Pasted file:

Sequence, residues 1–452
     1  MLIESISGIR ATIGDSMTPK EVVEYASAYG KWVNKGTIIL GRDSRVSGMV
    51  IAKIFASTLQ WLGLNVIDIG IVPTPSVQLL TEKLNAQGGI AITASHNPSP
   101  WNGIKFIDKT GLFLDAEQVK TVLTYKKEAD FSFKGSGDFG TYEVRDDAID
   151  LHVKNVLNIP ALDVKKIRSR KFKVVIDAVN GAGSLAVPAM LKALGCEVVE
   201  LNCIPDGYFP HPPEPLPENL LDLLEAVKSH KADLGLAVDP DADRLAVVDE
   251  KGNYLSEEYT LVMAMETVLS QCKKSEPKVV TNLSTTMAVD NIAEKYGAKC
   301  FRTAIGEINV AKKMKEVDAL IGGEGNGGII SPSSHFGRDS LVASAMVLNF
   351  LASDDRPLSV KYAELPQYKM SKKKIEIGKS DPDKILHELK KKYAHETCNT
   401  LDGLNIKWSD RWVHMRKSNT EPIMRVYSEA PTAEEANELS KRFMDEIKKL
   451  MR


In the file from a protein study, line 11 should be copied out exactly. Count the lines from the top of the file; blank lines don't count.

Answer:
   451  MR